Twitter roused vote for Democrats, say pundits

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Twitter roused vote for Democrats, say pundits


POWER IN YOUR POCKET: Voter turnout went up in the afternoon because of tweets

Social networking services, such as Twitter, may have played an instrumental role in producing a surprise victory for the opposition in the local elections on Wednesday, according to election observers and IT industry analysts.

Voter turnout in the election at 54.5 percent was the highest in 15 years, and analysts said that the surge was due to Twitter messages exchanged among young voters who flocked to the polls after being urged to do so by friends and celebrities.

Hwang Ju-hee, 26, was one of those who decided to vote after receiving text messages saying that “votes from the young generation are crucial.” Hwang, who works in Seoul, had initially decided not to return to her hometown in Gimhae, South Gyeongsang, where she was registered to vote, to cast her ballot. But she changed her mind after she saw the text messages.

Opinion leaders and TV celebrities joined in the text messaging, urging a turnout of voters. Some of them sent pictures of themselves at polling stations.

Star novelist Lee Oi-soo, who has some 167,000 followers of his Twitter account, tweeted at 11 a.m. on Wednesday saying, “If you give up your right to vote, it is as worthless as trash.” Actress Park Jin-hee and singer Kim Hee-cheol also sent messages and pictures on their Twitter accounts to encourage people to vote.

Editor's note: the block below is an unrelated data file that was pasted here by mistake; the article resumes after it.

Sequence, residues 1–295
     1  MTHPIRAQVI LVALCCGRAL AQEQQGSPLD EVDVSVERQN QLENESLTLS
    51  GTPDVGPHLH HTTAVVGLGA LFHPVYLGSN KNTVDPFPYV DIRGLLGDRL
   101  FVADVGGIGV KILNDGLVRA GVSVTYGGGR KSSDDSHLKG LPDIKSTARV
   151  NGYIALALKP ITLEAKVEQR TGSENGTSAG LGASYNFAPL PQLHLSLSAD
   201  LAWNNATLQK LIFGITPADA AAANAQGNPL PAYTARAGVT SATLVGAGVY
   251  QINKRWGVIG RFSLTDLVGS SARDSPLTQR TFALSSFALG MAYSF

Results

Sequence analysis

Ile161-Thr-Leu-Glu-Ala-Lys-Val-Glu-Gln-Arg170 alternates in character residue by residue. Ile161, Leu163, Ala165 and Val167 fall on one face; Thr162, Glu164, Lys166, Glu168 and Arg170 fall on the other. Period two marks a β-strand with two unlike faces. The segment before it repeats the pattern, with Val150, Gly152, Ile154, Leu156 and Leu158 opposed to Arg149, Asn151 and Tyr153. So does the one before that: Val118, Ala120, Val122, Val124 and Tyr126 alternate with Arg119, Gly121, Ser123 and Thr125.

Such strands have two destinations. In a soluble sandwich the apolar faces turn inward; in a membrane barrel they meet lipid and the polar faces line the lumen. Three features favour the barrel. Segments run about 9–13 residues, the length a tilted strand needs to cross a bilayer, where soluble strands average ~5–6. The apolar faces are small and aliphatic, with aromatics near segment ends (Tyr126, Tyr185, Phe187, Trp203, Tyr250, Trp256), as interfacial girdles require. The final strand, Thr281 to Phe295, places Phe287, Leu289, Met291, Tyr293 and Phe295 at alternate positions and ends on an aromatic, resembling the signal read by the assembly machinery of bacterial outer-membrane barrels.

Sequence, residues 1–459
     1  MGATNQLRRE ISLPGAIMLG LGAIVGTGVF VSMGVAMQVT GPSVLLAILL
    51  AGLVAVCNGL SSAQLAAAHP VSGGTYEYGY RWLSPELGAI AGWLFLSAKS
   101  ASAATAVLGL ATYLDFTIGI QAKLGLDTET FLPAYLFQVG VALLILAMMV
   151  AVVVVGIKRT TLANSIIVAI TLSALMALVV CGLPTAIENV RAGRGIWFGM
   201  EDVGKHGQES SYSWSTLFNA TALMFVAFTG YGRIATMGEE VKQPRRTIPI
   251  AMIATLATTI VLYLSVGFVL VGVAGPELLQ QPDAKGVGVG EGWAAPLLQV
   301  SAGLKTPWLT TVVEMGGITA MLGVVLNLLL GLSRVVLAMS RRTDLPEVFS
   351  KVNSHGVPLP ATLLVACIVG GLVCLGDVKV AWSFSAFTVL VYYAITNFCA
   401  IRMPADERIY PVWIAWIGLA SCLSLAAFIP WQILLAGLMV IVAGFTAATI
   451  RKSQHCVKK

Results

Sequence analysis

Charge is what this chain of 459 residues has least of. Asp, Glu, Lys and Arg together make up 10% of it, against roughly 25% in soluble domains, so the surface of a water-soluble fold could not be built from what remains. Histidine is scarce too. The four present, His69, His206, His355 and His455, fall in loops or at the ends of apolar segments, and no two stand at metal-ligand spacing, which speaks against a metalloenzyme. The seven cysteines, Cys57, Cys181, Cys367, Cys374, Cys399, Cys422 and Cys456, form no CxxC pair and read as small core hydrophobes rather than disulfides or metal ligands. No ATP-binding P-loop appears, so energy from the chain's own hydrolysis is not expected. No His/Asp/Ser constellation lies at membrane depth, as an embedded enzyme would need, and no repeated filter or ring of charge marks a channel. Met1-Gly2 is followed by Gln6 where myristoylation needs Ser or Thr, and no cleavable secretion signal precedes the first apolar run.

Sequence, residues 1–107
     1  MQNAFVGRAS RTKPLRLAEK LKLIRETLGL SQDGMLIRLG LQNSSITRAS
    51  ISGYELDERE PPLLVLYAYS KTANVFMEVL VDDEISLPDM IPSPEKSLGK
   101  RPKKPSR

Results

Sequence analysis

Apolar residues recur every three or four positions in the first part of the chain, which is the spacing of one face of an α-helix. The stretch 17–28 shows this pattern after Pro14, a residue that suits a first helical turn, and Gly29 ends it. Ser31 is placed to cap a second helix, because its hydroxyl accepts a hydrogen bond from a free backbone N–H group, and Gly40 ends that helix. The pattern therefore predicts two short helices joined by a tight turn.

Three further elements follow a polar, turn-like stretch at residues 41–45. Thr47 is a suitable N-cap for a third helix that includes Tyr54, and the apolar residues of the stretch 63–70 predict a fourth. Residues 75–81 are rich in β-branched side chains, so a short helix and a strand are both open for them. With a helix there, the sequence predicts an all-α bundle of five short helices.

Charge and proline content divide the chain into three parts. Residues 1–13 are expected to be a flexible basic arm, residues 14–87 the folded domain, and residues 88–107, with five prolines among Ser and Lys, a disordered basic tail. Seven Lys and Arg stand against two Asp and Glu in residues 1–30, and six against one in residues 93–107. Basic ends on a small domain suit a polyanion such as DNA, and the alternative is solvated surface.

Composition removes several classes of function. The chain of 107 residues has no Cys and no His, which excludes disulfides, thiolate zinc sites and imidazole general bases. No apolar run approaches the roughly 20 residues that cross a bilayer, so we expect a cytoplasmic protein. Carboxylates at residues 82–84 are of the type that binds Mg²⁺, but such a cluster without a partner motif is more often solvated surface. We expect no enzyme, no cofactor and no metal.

Song In-hyeok, a 34-year-old office worker, sent similar messages to around 30 acquaintances. “As I saw those texts, I felt a sense of responsibility and felt that I should join in, too,” he said.

Figures show that voter turnout rose notably as the day progressed and votes for the opposition Democratic Party increased significantly in the afternoon hours.

Election experts say this is very reminiscent of the 2002 presidential election when Roh Moo-hyun had a landslide victory over conservative Lee Hoi-chang. Roh’s victory is seen as partly due to Internet support from young liberal voters.

“Ruling party candidates gained the most votes in the morning hours, while the opposition party candidates got the majority of the votes in the afternoon hours,” said an official who took part in the exit polls.

According to New York-based Internet market researcher eMarketer, two-thirds of all Internet users in U.S. will be using social networking Web sites by 2014, increasing the potential that social media will not only be a venue for networking but also forming public opinion.

By Kim Hyung-eun, Song Ji-hye []
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